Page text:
“There were also some cultural questions. If they share knowledge on which grains are edible, or how to cook them, what’s going to happen to that knowledge that they’ve developed over thousands of years? If somebody else then benefits from that knowledge, how does that work for them?”
Andrew explains that capturing the potential of native foods is often done at the cost of the people who hold the knowledge of that food story.
“One of the perennial issues is that we get a lot of interest from industry,” he says. “But there’s no reciprocity. They’ll come, and it’s like, ‘How do we steal more knowledge?’
“It’s a testament to Australia, and our humanity, whether we continue to condone the theft of knowledge; to allow it to grow. Or do we stop and figure out how to equitably share this knowledge back with First Nations people?”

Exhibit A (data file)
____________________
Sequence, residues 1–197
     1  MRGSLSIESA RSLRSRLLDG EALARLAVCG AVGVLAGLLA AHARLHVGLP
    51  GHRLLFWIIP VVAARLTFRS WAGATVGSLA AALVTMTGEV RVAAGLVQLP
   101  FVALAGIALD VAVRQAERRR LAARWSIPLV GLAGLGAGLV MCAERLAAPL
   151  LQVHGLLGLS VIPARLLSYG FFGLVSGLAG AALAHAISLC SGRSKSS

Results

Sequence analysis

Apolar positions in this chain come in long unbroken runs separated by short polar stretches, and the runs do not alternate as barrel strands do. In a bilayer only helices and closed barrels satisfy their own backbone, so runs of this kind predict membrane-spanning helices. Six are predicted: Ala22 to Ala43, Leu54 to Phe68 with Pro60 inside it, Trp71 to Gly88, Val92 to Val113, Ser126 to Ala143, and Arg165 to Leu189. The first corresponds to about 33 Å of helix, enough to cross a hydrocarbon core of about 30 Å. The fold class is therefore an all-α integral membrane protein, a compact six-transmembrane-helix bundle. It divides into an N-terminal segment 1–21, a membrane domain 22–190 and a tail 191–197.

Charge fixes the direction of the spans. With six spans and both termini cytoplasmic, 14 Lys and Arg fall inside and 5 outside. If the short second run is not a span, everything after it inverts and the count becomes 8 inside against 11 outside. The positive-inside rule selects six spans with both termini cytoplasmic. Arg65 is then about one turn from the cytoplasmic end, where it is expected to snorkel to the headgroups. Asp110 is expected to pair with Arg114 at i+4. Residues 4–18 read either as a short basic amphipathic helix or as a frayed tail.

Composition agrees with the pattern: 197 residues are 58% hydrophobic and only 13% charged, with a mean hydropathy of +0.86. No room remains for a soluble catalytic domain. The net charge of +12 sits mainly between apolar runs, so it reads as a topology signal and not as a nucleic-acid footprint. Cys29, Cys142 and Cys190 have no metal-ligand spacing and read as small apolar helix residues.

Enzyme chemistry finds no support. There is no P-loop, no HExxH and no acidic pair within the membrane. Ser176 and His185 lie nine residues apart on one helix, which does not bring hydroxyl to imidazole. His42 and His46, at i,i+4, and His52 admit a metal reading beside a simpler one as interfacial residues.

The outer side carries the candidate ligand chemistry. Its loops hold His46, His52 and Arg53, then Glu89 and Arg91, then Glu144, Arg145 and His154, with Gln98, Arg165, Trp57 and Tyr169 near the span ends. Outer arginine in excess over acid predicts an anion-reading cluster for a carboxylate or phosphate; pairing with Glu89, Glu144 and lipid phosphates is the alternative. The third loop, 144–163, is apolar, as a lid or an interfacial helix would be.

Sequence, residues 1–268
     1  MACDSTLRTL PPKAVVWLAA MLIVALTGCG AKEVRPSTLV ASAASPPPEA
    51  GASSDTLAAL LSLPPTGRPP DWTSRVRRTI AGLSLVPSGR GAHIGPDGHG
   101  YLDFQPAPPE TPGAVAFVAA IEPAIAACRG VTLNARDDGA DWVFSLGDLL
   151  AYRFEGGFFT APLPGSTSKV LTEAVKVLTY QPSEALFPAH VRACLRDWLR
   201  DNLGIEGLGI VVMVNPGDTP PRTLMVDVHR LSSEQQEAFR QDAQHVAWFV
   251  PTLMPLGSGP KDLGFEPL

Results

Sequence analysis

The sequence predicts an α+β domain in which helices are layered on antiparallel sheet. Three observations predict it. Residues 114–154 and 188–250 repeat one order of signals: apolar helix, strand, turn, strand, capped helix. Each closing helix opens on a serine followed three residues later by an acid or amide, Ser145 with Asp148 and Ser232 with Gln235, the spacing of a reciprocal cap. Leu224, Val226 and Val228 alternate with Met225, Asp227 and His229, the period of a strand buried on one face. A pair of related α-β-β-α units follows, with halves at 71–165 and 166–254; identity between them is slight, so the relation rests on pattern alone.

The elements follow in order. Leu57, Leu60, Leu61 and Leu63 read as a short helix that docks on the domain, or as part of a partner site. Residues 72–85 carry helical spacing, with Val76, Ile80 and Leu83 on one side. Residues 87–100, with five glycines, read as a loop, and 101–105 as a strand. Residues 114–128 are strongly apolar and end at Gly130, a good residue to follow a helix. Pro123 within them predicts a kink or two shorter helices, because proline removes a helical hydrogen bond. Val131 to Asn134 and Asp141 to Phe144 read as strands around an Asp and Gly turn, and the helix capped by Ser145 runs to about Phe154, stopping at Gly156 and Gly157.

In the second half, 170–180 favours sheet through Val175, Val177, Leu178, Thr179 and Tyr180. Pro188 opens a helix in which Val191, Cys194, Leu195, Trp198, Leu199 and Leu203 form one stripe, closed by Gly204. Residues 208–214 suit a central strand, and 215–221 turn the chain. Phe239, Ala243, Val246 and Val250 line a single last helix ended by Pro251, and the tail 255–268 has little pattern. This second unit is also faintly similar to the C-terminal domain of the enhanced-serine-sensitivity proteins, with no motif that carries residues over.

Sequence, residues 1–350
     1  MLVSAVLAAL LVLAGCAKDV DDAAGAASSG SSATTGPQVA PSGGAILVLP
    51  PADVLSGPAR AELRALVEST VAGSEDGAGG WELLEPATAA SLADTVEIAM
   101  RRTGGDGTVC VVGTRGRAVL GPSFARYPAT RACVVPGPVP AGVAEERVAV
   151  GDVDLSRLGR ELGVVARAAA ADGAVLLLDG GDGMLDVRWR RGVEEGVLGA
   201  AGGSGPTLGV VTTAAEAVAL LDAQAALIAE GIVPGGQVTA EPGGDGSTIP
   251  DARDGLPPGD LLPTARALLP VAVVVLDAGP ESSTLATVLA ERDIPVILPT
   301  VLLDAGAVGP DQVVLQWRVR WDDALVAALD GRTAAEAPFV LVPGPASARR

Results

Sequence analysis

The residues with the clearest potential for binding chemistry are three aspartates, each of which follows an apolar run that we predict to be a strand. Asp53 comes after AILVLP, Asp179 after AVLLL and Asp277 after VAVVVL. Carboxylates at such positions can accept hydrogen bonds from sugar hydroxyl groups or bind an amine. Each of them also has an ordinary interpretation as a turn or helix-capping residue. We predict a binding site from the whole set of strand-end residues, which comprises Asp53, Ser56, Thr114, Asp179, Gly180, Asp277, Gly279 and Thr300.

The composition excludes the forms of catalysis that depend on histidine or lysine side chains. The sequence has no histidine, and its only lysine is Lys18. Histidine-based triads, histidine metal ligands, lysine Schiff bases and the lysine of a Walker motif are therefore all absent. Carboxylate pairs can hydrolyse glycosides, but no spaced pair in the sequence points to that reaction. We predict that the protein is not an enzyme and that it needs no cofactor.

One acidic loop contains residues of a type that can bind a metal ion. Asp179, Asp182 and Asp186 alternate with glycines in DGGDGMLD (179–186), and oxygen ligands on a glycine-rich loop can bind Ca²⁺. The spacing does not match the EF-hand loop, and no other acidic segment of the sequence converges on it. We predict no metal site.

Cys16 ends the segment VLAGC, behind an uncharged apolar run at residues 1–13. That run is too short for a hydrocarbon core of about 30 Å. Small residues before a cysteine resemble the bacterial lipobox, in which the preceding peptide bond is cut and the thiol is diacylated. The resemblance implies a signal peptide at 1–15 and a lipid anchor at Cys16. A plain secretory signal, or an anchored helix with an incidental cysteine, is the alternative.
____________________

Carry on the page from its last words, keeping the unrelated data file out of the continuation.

Saving the present with the past
Reintroducing native grasses could also lead to huge benefits for the land. It provides food for native animals, birds and insects, as well as the microbes and worms that live in our soil.
“The main environmental benefit of bringing back native grains would be the biodiversity,” Dr Pattinson says. “But there are also climate change benefits such as soil carbon sequestration. Also, the benefits of growing perennials, rather than annuals, for cropping. The environmental benefits of having a plant living all year round are significant. For biodiversity, for water infiltration into the soil and keeping the soil temperature down, because you’ve got plants covering it all the time.”
Re-establishing our landscapes and reintroducing more native ingredients into Australian food systems certainly has enormous potential. However, it’s not an overnight proposition. Logistics aside, much work needs to be done with Indigenous communities to ensure they benefit from the use of their foods as well as their knowledge.
“But it’s not exclusive,” Andrews says. “It’s not just for them. The benefits are widespread to all of Australia. It’s not a First Nations-only story, it’s a First Nations story. A 60,000-plus-year-old culture that we can all learn from and all benefit from. It’s gold.”